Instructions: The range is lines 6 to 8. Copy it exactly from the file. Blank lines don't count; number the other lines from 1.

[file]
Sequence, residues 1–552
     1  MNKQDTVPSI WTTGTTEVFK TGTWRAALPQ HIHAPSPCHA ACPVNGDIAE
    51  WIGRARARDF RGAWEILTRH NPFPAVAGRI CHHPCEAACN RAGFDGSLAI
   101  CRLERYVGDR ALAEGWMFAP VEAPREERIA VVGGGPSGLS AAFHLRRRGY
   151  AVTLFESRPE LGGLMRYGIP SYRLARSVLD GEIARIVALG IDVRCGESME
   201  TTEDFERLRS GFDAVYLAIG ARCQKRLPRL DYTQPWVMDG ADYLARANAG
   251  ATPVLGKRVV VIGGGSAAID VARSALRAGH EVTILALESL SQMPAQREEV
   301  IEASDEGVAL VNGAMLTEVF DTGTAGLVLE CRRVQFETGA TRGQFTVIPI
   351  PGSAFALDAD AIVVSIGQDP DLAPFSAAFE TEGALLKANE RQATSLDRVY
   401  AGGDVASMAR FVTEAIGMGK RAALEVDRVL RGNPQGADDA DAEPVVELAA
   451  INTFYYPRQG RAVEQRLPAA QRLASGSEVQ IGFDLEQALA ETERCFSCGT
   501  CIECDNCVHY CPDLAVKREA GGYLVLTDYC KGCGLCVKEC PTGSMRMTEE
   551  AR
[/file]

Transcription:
   201  TTEDFERLRS GFDAVYLAIG ARCQKRLPRL DYTQPWVMDG ADYLARANAG
   251  ATPVLGKRVV VIGGGSAAID VARSALRAGH EVTILALESL SQMPAQREEV
   301  IEASDEGVAL VNGAMLTEVF DTGTAGLVLE CRRVQFETGA TRGQFTVIPI